Swedish Match is the leading manufacturer of snus, a moist smokeless powdered tobacco. It is sold in Sweden as a loose powder or pre-packaged in a small sachet. Its sale is banned across the European Union. London’s High Court ruled that the NNA could join the challenge on the 26th January 2017.
The NNA was represented by the barrister Paul Diamond, QC, Gerry Stimson, expert witnesses Karl Lund and Lars Ramström, Atakan Befrits as the Chair of NNA Sweden, Bengt Wiberg and Uwe Hille from the snus community, and NNA administrator Jessica Harding. Professor Martin Jarvis was there as an expert witness for Swedish Match.
Lawyers speaking on behalf of the UK government, the government of Norway, the European Parliament, the European Council and the European Commission spoke in favour of continuing the ban.
Each party had quarter of an hour to deliver their arguments and respond to any written questions (previously submitted by other parties). The speakers were heard by seven judges.
According to the NNA, “Swedish Match argued that snus has a lower health risk than the other products covered by the directive (TPD), that snus has a positive effect on public health (“the Swedish experience”), that the [WHO Framework Convention on Tobacco Control] covers all tobacco products so all should be regulated, that there is no product that is completely safe for everyone in all circumstances, that the EU legislator had failed to do a proper assessment and failed to analyse the evidence correctly, that the ban was discriminatory, irrational and disproportionate.”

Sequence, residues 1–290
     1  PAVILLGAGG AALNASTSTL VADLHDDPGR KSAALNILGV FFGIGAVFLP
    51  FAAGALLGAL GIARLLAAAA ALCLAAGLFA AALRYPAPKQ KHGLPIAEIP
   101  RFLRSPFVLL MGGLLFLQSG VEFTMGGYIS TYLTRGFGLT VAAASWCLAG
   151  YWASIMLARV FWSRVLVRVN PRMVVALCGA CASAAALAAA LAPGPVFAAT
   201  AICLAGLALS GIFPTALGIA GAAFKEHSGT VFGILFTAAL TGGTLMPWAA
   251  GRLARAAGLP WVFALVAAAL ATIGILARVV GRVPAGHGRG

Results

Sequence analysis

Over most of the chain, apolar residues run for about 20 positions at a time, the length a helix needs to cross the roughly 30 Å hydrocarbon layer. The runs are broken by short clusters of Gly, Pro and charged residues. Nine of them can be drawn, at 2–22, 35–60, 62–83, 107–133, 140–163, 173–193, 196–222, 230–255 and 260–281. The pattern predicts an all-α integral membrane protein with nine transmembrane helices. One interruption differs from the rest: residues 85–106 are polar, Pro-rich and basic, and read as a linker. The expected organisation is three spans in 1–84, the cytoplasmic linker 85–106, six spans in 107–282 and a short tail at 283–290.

The NNA’s legal presentation argued that smokers had never been consulted, had a right to a safer alternative to smoking, and pointed out that Norway’s drop in smoking rates occurred at the same time snus use rose.
The NNA described the UK government’s support of continuing a ban as “baffling”, and “very disappointing”. Full details of the objections to snus and the reasons for supporting the ban can be found on the NNA’s blog.
After the judges had asked some questions, each side was given five minutes to reply to other presentation points. Now all parties wait until the 12th April 2018, when the Advocate General will deliver his opinion – which acts as an indication of how the full court will rule.